These "town-gown" disputes are part of an age-old dilemma that often pits adults and their desire for order against unfettered gaggles of young people seeking the company of other young people.
"When grownups buy a house, they have neighbors who they rely on for things like watching kids or picking up the newspaper when they're on vacation," says Bill Mayrl, a sociology professor and former student-affairs dean at the University of Wisconsin-Milwaukee. "Students, on the other hand, have no anchor, no need for community except for a place to sleep.... You've got two forces that, each for their own reason, can't budge in some sense."
Some universities are trying to ease the tension by giving special courses to freshmen who plan to live off-campus - to train them in community etiquette. Other schools give out student directories to police, so they can cross-check addresses. At the same time, given the untethered nature of many young people, it can be difficult to prove exactly who's a resident and who's a guest. Some inspectors have even taken to counting toothbrushes to calculate the number of roomies.
Here in Raleigh, a growing number of community activists are not content to see their neighborhoods, in their view, go downhill. The proposed law, which the city council will consider in January, would put new restrictions on homes with more than two unrelated people living together by making landlords more liable for living conditions.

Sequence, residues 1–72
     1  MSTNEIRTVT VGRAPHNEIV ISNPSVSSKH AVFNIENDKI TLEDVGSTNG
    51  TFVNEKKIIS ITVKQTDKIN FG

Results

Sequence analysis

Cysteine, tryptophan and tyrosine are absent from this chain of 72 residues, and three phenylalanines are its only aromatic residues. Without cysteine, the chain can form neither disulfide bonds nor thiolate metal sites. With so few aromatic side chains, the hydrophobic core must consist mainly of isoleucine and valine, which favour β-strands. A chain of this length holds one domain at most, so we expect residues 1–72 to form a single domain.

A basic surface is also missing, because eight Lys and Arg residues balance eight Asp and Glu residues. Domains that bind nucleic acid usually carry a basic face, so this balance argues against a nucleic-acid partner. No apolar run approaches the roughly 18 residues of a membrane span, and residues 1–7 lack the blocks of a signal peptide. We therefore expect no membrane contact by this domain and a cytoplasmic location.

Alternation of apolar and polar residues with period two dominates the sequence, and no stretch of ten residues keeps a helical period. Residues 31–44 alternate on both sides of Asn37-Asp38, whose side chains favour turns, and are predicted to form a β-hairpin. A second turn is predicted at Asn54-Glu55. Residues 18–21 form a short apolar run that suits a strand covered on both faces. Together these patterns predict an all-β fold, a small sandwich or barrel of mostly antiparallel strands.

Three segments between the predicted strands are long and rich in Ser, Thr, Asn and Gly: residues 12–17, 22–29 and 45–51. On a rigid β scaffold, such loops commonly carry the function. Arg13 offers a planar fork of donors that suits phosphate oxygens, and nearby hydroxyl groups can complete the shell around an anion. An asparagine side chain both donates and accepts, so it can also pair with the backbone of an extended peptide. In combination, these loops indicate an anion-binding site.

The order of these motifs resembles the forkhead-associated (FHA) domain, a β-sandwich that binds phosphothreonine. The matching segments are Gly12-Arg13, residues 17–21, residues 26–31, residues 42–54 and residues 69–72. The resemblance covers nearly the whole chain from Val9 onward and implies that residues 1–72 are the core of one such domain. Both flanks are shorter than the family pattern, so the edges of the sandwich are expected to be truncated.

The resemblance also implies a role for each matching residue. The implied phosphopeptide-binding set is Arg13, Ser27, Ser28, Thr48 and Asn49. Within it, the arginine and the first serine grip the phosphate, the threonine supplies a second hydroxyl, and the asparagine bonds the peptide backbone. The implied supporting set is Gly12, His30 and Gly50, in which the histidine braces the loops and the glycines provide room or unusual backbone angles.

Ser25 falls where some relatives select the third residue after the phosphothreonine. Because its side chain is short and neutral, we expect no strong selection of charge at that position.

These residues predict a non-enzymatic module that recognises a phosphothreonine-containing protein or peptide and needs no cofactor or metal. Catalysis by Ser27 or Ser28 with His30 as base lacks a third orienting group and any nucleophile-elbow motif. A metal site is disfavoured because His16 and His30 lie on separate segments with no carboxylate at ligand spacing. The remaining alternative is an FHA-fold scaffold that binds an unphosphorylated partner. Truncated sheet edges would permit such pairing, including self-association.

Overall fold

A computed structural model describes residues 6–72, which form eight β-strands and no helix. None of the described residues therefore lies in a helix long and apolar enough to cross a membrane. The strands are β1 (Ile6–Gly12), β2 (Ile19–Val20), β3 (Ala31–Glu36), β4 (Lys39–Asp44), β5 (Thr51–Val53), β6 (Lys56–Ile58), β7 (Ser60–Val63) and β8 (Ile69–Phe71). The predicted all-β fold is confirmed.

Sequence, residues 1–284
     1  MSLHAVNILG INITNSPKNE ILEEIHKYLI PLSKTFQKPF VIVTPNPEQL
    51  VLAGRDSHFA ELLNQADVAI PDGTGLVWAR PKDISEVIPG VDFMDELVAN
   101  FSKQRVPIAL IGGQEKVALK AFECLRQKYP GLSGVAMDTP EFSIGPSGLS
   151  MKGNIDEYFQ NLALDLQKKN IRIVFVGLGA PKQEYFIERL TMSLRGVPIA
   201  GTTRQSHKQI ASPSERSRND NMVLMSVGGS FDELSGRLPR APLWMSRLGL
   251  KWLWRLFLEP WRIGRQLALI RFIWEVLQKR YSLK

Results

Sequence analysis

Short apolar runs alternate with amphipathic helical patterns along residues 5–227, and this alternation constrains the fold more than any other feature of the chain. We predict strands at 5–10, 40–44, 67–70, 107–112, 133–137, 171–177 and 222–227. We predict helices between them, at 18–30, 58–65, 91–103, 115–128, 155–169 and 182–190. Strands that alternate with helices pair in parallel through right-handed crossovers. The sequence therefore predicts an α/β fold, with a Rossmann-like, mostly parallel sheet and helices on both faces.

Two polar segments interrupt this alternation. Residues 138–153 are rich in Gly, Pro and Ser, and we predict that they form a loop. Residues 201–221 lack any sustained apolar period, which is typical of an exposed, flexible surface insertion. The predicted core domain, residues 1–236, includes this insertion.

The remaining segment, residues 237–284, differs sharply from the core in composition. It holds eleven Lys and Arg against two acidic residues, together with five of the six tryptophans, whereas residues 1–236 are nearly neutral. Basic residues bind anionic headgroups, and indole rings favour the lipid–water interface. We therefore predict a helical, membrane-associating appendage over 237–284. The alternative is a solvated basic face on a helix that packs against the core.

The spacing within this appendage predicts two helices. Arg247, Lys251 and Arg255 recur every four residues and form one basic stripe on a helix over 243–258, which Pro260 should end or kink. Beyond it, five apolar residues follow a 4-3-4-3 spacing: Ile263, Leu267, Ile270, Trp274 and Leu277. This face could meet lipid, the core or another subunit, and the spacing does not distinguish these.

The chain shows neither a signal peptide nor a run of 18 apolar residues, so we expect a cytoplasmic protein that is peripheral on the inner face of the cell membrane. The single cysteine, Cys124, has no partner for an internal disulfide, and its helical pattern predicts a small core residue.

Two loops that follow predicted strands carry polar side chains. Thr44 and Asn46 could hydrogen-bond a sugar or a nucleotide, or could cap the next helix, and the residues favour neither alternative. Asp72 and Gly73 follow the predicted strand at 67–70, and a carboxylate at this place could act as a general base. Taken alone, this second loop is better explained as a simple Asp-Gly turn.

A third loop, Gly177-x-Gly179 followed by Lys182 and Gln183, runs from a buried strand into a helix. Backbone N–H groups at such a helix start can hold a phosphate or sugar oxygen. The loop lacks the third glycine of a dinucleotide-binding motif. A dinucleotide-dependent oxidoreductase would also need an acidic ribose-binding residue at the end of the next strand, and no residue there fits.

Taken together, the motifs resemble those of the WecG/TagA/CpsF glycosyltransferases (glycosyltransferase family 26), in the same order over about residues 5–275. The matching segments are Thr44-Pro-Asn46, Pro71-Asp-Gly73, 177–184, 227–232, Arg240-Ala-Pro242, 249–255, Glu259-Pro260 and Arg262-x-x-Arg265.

Other cities have already gone this route with some success. East Lansing, Mich., and Chapel Hill, N.C., have cracked down on how many students can live together off campus, and Winston-Salem, N.C., is considering a similar law. East Lansing, for example, has stopped further conversions of single-family homes into student rooming houses.
"I find it difficult to tell people how to live, but at the same time it's incumbent upon people not to create a nuisance or to diminish the quality of life for their neighbors," says Tom Slater, the chairman of the Raleigh Citizens Advisory Council. "The idea is to have some regulation that can be enforced, so that these multi-tenant residences can be policed, corrected, or closed."
Critics say these laws, in effect, open up "selective prosecution" of lifestyles that may not jibe with some people's idea of what a neighborhood should be.
"We're not advocating that [students] throw massive parties or park 10 cars on the street or [forget to] cut their lawn," Spence says. "We're just trying to protect the students who are not causing problems."
Areas like Raleigh, though, face a steady rise in the number of occupants per room, thanks to high housing prices and stagnant wages. But with so many of these homes and the transient nature of many residents, it can be difficult to carry out restrictions fairly, experts say.
As for Mr. Eichenberger, the Blue Barn resident, he's considering marriage to one of his roommates in order to keep a roof over his head if Raleigh passes the law. Or, he says, he may have to find a cheap rooming house outside the city limits. His last resort, he says, would be to go the route of one North Carolina State student who set up a cot and a drafting table inside one of the school's abandoned underground steam-conduit pipes.